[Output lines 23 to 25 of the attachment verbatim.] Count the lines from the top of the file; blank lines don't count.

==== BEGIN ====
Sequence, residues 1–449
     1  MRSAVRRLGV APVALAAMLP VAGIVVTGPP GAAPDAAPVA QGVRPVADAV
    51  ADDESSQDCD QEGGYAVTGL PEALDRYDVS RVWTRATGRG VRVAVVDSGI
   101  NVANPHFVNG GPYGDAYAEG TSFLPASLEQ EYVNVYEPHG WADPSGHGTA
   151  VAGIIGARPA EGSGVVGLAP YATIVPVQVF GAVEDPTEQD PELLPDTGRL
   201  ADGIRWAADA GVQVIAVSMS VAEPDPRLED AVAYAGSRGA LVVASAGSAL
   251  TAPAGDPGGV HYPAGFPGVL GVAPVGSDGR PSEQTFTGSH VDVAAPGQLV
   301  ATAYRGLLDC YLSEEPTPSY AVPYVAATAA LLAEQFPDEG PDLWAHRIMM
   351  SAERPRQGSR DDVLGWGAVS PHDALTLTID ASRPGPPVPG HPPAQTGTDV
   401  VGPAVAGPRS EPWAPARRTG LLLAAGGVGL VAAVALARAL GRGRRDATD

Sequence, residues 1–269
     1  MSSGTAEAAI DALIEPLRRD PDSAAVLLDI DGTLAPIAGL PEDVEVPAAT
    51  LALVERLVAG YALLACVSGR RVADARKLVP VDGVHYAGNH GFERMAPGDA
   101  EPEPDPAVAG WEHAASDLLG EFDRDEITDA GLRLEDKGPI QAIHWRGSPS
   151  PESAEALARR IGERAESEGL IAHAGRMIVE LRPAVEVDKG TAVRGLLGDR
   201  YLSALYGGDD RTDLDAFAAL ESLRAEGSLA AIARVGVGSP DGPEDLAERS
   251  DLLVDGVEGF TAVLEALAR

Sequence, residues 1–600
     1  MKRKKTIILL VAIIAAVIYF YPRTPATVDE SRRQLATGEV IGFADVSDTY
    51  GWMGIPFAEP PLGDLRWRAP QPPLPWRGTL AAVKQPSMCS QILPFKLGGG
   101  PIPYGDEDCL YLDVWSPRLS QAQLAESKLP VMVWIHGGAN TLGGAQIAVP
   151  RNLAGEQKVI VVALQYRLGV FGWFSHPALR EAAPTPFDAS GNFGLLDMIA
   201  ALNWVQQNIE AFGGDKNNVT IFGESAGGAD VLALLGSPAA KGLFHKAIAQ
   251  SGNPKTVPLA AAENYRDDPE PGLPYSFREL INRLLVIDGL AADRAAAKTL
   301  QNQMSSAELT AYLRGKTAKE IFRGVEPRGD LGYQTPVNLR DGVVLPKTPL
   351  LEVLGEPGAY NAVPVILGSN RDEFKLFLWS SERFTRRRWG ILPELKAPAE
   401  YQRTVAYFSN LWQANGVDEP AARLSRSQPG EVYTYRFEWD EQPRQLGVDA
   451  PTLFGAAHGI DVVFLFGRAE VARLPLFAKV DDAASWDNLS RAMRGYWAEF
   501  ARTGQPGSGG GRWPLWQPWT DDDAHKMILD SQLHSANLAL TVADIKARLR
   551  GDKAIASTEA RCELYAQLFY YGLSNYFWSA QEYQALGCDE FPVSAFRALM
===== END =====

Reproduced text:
   201  ALNWVQQNIE AFGGDKNNVT IFGESAGGAD VLALLGSPAA KGLFHKAIAQ
   251  SGNPKTVPLA AAENYRDDPE PGLPYSFREL INRLLVIDGL AADRAAAKTL
   301  QNQMSSAELT AYLRGKTAKE IFRGVEPRGD LGYQTPVNLR DGVVLPKTPL